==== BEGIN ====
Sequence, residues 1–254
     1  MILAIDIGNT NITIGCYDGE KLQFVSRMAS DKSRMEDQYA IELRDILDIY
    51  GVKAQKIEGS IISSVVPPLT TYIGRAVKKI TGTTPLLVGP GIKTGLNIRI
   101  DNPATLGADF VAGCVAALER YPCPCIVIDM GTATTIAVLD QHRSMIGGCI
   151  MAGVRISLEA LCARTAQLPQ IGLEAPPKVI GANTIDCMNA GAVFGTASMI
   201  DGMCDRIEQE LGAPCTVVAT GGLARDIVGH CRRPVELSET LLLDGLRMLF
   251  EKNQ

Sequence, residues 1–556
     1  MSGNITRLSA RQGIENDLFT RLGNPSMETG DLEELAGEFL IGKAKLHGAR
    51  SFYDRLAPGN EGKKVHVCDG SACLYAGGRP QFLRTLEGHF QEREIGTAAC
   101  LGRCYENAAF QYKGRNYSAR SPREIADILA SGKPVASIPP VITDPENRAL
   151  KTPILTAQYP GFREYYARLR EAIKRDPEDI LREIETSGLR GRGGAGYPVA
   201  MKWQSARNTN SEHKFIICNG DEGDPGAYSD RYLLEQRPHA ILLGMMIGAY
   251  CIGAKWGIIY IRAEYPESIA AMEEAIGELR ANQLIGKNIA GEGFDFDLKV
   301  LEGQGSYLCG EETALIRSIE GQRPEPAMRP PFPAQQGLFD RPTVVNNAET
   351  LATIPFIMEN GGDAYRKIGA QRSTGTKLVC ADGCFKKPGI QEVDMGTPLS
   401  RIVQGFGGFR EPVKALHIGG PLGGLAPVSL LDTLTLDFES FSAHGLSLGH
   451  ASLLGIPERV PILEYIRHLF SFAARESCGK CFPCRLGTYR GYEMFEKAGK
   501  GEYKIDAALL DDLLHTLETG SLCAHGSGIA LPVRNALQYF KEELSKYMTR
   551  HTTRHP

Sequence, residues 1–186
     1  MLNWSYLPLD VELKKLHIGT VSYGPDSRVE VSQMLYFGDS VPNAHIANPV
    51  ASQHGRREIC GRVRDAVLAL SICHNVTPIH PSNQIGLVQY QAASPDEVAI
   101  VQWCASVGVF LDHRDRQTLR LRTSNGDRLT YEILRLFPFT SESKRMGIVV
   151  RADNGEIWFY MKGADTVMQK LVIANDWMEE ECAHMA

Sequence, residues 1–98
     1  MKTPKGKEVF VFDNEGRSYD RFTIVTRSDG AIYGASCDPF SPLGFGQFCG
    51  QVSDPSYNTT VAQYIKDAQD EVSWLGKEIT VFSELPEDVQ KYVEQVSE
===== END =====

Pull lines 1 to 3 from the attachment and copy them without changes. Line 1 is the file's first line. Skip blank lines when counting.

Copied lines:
Sequence, residues 1–254
     1  MILAIDIGNT NITIGCYDGE KLQFVSRMAS DKSRMEDQYA IELRDILDIY
    51  GVKAQKIEGS IISSVVPPLT TYIGRAVKKI TGTTPLLVGP GIKTGLNIRI